Attention, People Buying Twinkies for $50 Online: The Twinkie Is Not Extinct

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Quick reminder: The difference between liquidation and extinction is like the difference between a fire sale and an actual fire

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There are two reasons why you should pay $50 for a box of Twinkies online. First: You are the world's only Twinkie addict and the 7-11 is closed. Second: You are a billionaire sitting on a pile of money you've resolved to donate by the most bizarrely random means possible.

Since those are low-probability motivations for buying a sponge cake, I'm guessing that many of the people bidding $50 for a box of Twinkies think the liquidation of Hostess will spell the End of Twinkies, in which a dwindling supply of the soft golden food-bricks will drive up their market price.

Nice try, but this confuses liquidation for extinction. Hostess is going out of business. That means it's selling its assets, not setting them on fire.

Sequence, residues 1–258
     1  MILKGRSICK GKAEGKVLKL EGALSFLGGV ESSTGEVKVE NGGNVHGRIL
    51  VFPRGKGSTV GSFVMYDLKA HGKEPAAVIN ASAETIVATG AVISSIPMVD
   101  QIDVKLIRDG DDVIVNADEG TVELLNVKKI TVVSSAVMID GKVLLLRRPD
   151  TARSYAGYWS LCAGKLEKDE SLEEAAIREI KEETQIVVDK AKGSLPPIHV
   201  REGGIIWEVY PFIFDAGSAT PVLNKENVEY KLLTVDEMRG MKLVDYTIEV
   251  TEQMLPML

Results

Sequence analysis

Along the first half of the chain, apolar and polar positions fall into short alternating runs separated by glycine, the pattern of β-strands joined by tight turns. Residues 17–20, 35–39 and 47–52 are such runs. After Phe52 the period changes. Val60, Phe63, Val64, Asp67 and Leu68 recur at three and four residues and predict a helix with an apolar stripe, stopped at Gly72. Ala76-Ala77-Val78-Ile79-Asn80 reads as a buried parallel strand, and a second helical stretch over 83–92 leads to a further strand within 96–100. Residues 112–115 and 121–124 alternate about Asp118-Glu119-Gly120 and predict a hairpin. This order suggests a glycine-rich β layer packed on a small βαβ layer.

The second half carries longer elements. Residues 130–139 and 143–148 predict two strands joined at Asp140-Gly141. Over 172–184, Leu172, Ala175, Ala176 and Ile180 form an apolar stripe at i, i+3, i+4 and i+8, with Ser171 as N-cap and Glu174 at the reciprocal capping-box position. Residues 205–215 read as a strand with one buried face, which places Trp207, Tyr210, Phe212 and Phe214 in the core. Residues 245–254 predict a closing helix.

The Twinkie will almost certainly survive when some company buys it as a distressed price in the Hostess fire sale and continues to produce the awful little snacks. Among the leading contenders: Kellogg, Campbell Soup, and Grupo Bimbo -- the parent company of Sara Lee, and Entenmann's, and other snacks only somewhat less artery-stuffing than a Twinkie.

On the other hand, I suppose a behavioral economist could cheekily point out that, since price has been shown to change "experienced pleasantness" (i.e.: we have a tendency to report that food tastes better when it's more expensive), the poor sap who spends $50 on a box of creme-filled starch-manufacturing might report the most delicious-tasting Twinkie in the world.

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Derek Thompson is a senior editor at The Atlantic, where he writes about economics, labor markets, and the entertainment business.

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